When we get our wines in-store, placing them on the shelves is generally a very simple affair. Red wines go in the red section, whites in the white, and rosés on the rosé shelf. But this is becoming more complex. The latter has gone from a place to keep light pink Provence-style wines, to an experimental area full of bottles that don't fit easily within the red/white binary.
We thought it might be helpful to highlight and explain some of these deliciously unusual bottlings here, particularly as we move into the Spring when these fresh, bone dry styles are most readily consumed. For ease, we've grouped them into a number of categories:
Admittedly this a classic style in Italy and Spain, but still a relative newcomer to Britain's warm weather list. Traditionally made by keeping red grape juice on the skins a little longer before being drained off and fermented, think of this as "rosé+". All the juicy berry flavours you love, turned up to 11.
A good place to start would be the Rosado from Garcia de Verdevique. The Garcia family have had 22 hectares of land in the Contraviesa, the mountain range between Sierra Nevada and the Mediterranean for generations. This is really far into Southern Spain, and by rights it should be far too hot to make anything fresh-tasting. But at between 1150 and 1400 metres above sea level this may well be Europe’s highest vineyard and its proximity to the Mediterranean makes the climate especially unique with the cooling influence of sea breezes. This fairly savoury rosado is made from a field blend, picked from old vines (some of which are unknown varieties) and vinified together. A juicy yet mineral wine with a relatively full body and flavours of wild strawberries plus a little earth and spice.
A more full bodied option would be Panic on the Boat (rather than at the Disco) from Austrian producer Wein Goutte!. Panic is a rosato that could almost be called a light red, made from biodynamically grown Pinot Noir and Zweigelt. The grapes were fermented on skins for 4 days before pressing off into old oak barrels to mature for 11 months. This is a beautifully complex wine, with heady souk spice aromas from time spent in oak and generous round fruit on the surprisingly long and powerful palate.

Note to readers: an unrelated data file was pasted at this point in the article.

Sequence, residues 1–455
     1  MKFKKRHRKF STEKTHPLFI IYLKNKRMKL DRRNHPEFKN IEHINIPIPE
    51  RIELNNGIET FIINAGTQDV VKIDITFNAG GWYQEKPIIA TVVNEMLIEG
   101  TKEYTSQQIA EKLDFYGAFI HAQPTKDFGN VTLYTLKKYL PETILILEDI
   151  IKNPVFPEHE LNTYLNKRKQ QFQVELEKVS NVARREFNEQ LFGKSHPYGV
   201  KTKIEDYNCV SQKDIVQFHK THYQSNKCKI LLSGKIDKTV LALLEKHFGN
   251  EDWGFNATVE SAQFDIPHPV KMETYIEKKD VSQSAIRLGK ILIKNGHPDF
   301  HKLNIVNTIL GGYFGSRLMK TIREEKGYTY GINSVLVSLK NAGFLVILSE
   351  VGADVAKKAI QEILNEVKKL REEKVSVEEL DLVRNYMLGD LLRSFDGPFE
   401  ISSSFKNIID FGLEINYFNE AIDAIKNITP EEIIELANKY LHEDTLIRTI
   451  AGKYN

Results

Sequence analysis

Co-fermenting red and small quantities of white grapes has long been common practise in some areas such as the Northern Rhone. However, many natural winemakers have been experimenting with blending red and white varieties in more experimental ways to create some really unusual wines with characteristics of both.
La Salada is husband and wife team Toni and Anna Carbo who make exceptional natural wines in Penedes from vineyards passed down by Toni's grandfather. Most of the vines are over 80 years old and have never been treated with chemicals. This is carried through to the winery where there are no additions whatsoever and all wines are bottled without fining or filtration. Con Barbas Y A Lo Loco is a delightfully hazy white/red blend of Xarelo and Sumoll that are co-fermented with native yeasts. Electric, mouth-watering aromas of cranberry, wild strawberry and white pepper with zingy citrus acidity and steely minerality adding serious complexity.
Or, how about a certified juice-bomb from Central Italy. Davide and Marco of Lammidia (pictured below) make wines of unadulterated, juicy pleasure in Abruzzo. Their slogan is 'uva e basta' which roughly translates as 'grapes and that's it', which sums up their approach pretty well. Miscela is a blend of red and white made without any fining, filtration or sulphur, just grape juice in the truest sense. An absolute joy to drink chilled down with zingy red fruit, plenty of citrus notes and a savoury complexity on the finish.
Meanwhile, in the South of France Jean-Louis Pinto, AKA Es d'Aqui, is a micro-negociant who works out of a small cellar underneath his family home. He works only with fruit from organic and biodynamic vineyards and has a minimal intervention approach in the cellar with all wines made without temperature control or added sulphur. M&M is a lifted and fragrant blend of red Mourvedre and white Muscat d'Alexandria grown near Perpignan. Great purity of fruit with exotic aromas of sweet spice and flowers.
We've seen some unusual wine that doesn't have a name yet (as far as we know) at some recent tastings, that we felt needed special mention here. A growing trend is fermenting white grape juice in a vessel that previously fermented red wine. Retaining more of the fresh citrus acidity and varietal flavours of a white, you also get some extra fruit flavours, colour and light tannins from the red skins.
In Comune is an experimental collaboration between Jacopo of Ajola, Trish of Gazzetta and their friends at Malauva. From a parcel planted over a clay, this is a direct press of Chardonnay fermented for three weeks with the skins and residue of Sangiovese grapes, before being pressed off again to rest for six months in stainless steel. Perhaps the most fruit forward of the Ajola wines, it occupies that sweet spot between rosato and rosso, pairing the stone fruits of Chardonnay with Sangiovese’s savouriness to great effect. Really, really fun and we looking forward to tasting more of these wines in the coming months!
These are incredible wines, funky yet hugely refreshing. But if the heart craves something more traditional, we of course have some more conventional roses. Check out this classic from Reserve de Gassac, or a lovely pink Sancerre-style Pinot Noir from Domaine L'Epinay. Have a look at the full range here.